Legacy of hard work and humility for Mark Knowles
KOOKABURRAS captain Mark Knowles has achieved everything possible in the sport he's played his whole life.
The veteran of 269 internationals has played in multiple World Cup, Champions Trophy and Commonwealth Games triumphs, as well as Australia's gold-medal team at the 2004 Athens Olympics.
Last year, the 31-year-old achieved the highest individual honour in the game, winning the 2014 International Player of the Year award, following some stellar performances in Australia's World Cup-winning team.
But to carry on a legacy of hard work and humility in one of Australia's most successful sporting teams - that is what matters most to him.
"Honestly, I've always been a leader and wanted to do it," Knowles told Australian Regional Media.
"For me, the most important thing is the legacy I hope to leave.
"If I can leave Australian hockey in better shape than when I started in the team, I'll be very proud.
"Captaining my country is such a huge honour and I don't downplay it to anyone."
You only need to look at the Kookaburras' record in the Commonwealth Games to see how good this team has been over the years - gold in all five tournaments it has competed in since 1998.
But staying humble has always been a part of the team's psyche, and Knowles holds that dear to his heart.
"It's born out of not being given everything as a hockey player, so we have to work harder to gain the exposure that other sports get," Knowles said.
"Australian hockey is respected all around the world because of the good, clean image we have.
"It's a big role for me as captain to maintain that image."
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Knowles was taught the value of hard work and humility right from when he first started playing hockey in Rockhampton, aged four.
"Growing up there was amazing," he said.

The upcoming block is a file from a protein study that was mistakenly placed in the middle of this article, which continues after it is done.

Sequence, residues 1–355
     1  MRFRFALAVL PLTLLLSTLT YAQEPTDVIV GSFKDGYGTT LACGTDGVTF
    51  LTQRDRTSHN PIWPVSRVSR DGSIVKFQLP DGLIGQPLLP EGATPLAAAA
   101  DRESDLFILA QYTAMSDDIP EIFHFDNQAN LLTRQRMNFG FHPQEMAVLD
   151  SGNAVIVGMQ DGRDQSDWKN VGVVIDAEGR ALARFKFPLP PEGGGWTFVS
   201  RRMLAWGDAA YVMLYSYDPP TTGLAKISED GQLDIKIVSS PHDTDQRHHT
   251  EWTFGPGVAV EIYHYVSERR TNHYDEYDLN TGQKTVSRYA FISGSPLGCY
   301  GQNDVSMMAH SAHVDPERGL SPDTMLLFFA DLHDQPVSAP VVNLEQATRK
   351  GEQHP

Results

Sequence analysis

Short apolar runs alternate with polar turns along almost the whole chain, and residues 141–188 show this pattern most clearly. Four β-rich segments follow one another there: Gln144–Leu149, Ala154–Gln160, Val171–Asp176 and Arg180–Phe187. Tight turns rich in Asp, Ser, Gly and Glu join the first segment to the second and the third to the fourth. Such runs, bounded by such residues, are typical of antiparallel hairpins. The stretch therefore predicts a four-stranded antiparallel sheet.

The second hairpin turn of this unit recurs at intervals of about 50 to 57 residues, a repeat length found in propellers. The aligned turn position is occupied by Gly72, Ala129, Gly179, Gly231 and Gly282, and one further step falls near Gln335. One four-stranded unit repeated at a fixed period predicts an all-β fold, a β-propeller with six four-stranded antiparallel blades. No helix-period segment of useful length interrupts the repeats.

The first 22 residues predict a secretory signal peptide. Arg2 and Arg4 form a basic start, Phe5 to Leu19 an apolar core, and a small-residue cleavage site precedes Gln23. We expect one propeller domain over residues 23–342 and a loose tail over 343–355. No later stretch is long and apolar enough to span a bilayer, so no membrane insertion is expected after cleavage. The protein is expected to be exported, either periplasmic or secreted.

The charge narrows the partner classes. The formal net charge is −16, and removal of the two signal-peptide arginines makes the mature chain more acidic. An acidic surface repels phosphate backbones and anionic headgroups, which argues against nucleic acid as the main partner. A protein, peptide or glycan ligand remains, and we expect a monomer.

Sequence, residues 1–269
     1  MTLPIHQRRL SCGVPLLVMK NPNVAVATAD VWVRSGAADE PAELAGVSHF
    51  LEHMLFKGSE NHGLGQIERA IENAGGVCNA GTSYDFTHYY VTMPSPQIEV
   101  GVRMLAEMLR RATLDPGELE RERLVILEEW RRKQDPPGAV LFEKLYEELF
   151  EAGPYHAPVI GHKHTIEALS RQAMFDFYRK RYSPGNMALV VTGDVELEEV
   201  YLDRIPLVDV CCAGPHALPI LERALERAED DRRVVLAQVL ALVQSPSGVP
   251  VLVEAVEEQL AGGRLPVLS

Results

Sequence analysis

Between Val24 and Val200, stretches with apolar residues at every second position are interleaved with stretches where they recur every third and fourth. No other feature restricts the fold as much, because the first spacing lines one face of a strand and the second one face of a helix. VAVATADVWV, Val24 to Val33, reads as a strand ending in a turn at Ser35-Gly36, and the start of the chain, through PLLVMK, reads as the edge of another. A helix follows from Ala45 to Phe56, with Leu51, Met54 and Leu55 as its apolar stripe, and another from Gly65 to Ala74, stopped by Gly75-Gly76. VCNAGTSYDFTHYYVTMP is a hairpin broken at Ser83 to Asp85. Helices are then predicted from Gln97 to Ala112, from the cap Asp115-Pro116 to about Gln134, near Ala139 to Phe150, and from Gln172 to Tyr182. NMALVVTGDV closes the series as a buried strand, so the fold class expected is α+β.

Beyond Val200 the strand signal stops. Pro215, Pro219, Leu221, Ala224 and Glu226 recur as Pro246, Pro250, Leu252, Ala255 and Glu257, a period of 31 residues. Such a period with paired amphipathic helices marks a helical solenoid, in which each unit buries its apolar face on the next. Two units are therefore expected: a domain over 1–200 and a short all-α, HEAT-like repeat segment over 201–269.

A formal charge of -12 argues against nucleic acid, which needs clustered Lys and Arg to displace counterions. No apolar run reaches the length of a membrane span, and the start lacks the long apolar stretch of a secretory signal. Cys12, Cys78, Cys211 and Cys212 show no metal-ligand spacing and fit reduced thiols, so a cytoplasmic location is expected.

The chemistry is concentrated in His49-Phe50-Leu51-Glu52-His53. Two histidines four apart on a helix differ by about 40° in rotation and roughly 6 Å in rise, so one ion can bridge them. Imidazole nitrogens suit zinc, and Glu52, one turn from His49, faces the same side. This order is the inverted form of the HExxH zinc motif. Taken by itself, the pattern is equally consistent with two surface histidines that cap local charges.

"My mum, dad and siblings all played and I loved it.
"There were no barriers playing in Rockhampton due to there being too many teams like you'd get in a bigger city, and being from a smaller community makes you feel proud."
He grew up playing with and against five-time World Player of the Year, Australian star Jamie Dwyer, in the same town.
Knowles is also married to Dwyer's sister, Kelly.
Dwyer holds the Kookaburras record for most caps with 345.
"Growing up with Jamie was massive - I've always looked up to him," Knowles said.
"At 36, he's still one of the best players in the world, and when people who are 26 or 28 say they're over it - they should look at what Jamie has done.
"It's amazing for him to have won the world's best player five times, and for two guys from Rocky to win that award - it's unbelievable."
"Our families have such close bonds, and he inspires me to keep getting better."
Indeed, Knowles himself is a committed family man away from his demanding schedule, where he's required to travel the world playing the game he has always loved.
He gives advice to fly-in fly-out working fathers in Perth, where the Kookaburras base themselves for training camps.
"Being away from my family is so hard. I have two boys - a four-year-old and a one-year-old and I'm away four or five months a year," he said.
"So you have to be careful with your work-life balance.
"There are challenges to it and if you don't work at it you can let your standards slip."
Knowles will captain his country again at the Hockey World League Final tournament in Raipur, India, with Australia's first pool match against Belgium on Saturday.
His outfit is expected to be one of the teams to beat.
The No.1-ranked Australia will be joined by top-eight nations Holland, Germany, Argentina, India and Belgium.
The 14th-ranked Canada also qualified for the eight-team competition, along with Great Britain.
"Holland, Germany, Belgium and Great Britain are great teams, Argentina is an emerging power, and India in front of their home crowd is always tough," Knowles said.
"But we've prepared well and if we get it right we're going to be hard to beat."
Knowles added he had been impressed with the work Graham Reid had done over the past year since taking over from one of Australia's most successful coaches, Ric Charlesworth.
"Graham was Ric's assistant for six years, and he brings the same philosophies Ric had," he said.